Find out more about Kelso Racecourse. Our guide explores fixtures, history, hotels, fixtures, travel info and even the weather!
- 1 Overview of Kelso Races
- 2 History of Kelso Racecourse
- 3 Main Races and Kelso races Meetings
- 4 Kelso Racecourse Map
- 5 Kelso Racecourse Address
- 6 How to Get To Kelso Races
- 7 Best Kelso Races Betting Sites
- 8 Hotels Near Kelso Racecourse
- 9 Other Events at the Course
- 10 Kelso Weather Forecast
- 11 Summary of Kelso Races
- 12 Other Racecourses in The UK and Ireland
Overview of Kelso Races
Self-described as, “Britain’s friendliest racecourse”, Kelso is certainly a relaxed, affordable and fun day out for the entire family. Dedicated to National Hunt racing, this track offers jump meets from September through May and a warm welcome to all visitors.
Kelso is a hugely relaxed racecourse and popular course, unblemished by the accusations of elitism that plague some alternatives. Based in the small market town of Kelso, it is right on the border of England and Scotland.
The track itself with is left-handed and largely flat running, with hurdles evenly placed. The key thing to look out for is stamina. Races often go down to the wire, and leaders can change in the blink of an eye.
There is no dress code at Kelso, beyond the typical requests to remain tasteful. The biggest priority should be weather-appropriate attire. As Kelso’s race meets primarily unfold over the autumn and winter, it can grow cold and wet at the track.
History of Kelso Racecourse
Kelso has been hosting racing events since the 1734, at a course some five miles from the current location known as Caverton Edge.
That site has long been demolished and built over, but the existing course – informally referred to as Berrymoss, and formerly called The Duke’s Course – was first build in 1822.
Aside from an attempted arson attack in the name of the suffragette movement in 1913, Kelso has enjoyed a calm and unremarkable history. It hosted flat meets until 1888, when the National Hunt rules are implemented. Since then, the course has hosted cosy but enjoyable jump meets for visitors of all ages.
Main Races and Kelso races Meetings
Kelso’s race meet season begins in September and concludes the following May. There are a wide range of events and themed days at the track throughout this period.
- September – Kelso marks the dawn of a new racing season with a Charity Evening. As the name suggests, various good causes are funded during the course of this celebration, in addition to multiple National Hunt races.
- October – The Borderfest Raceday, a Saturday afternoon festival of National Hunt racing, is the highlight of October. Food, drink and music all accompany this fabulous day at the races.
- November – November at Kelso is defined by the Wishing Well Chase Day, perhaps unsurprisingly headlined by the Wishing Well Handicap Chase.
- December – The calendar year at Kelso ends with a bang. The Borders National Festive Family Day at the start of the month is a delight for all ages, including a visit from Santa Claus. Immediately prior to Hogmanay, there is also the Festive Fling to see out the year in style.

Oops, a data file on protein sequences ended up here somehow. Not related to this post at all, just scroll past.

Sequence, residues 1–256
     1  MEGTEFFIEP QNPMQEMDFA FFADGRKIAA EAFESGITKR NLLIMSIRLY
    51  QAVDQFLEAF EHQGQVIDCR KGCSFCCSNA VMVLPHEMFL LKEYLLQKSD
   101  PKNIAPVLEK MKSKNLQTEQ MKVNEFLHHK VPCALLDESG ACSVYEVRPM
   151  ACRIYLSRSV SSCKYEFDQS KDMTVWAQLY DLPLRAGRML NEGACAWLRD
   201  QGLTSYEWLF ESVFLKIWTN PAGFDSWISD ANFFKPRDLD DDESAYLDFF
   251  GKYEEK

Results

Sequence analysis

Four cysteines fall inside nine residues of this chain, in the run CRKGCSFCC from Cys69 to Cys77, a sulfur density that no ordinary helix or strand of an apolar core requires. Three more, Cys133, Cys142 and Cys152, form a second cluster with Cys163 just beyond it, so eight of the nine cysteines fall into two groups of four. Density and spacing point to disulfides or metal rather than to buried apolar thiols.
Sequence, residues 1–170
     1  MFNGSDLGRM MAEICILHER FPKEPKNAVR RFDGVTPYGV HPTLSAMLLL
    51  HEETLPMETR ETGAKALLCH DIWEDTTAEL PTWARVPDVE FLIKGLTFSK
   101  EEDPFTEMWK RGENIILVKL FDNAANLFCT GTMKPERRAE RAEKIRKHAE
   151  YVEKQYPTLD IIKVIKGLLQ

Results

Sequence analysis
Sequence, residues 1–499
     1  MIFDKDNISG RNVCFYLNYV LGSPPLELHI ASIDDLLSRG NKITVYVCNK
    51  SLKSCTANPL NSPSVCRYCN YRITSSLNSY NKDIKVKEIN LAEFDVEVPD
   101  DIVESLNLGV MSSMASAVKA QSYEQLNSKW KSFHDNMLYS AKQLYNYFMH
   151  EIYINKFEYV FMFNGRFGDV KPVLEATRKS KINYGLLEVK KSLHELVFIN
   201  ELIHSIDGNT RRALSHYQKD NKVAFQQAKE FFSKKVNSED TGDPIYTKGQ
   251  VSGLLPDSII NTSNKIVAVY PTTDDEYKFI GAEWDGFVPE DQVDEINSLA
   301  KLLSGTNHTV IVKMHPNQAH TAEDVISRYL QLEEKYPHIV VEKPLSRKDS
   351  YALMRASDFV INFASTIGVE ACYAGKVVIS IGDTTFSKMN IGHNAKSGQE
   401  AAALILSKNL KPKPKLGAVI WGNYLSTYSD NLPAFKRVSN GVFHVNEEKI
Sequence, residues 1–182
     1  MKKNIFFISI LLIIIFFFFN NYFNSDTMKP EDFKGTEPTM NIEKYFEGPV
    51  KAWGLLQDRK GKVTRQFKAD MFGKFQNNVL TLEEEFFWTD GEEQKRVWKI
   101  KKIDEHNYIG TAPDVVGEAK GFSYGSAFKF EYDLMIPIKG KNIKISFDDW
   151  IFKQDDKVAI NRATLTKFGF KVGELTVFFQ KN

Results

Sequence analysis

- January – Things start to calm down in January. This month simply hosts two standard afternoon National Hunt race meets.
- February – February sees one standard National Hunt meet and Premier Hurdle Day, which is headlined by the Morebattle Hurdle and the Premier Chase. Premier Hurdle Day is arguably the biggest event in the Kelso calendar.
- March – One standard National Hunt meet and a second event, dubbed the Party in the Paddock, unfold in March. The latter is part of the Go North racing weekend, during which under 18s attend free and visits to training yards are available. Party in the Paddock is headlined by the Premier Kelso Hurdle.
- April – April is a quiet month, with just one standard National Hunt racing meet.
- May – May starts with a typical National Hunt racing meet early on the month, but Ladies Day – and all the pomp and ceremony that surrounds such an occasion – rounds off the season toward the end of spring.
Be sure to investigate that a racing event is going ahead before making arrangements and check an official fixture list released by Kelso Racecourse directly. All race meets are subject to change due to a wide array of external circumstances.
Kelso Racecourse Map
Kelso is a left handed and mainly flat course. It’s true to say that conditions can get tough in the winter months when the going can often turn soft or heavy. Although it’s a track which is essentially sharp stamina is required due to the nature of the ground and the fact that races tend to be well run. The chase course is wider, with the hurdles course sitting inside it.
Kelso Racecourse Address
The official correspondence address of Kelso Racecourse is:
How to Get To Kelso Races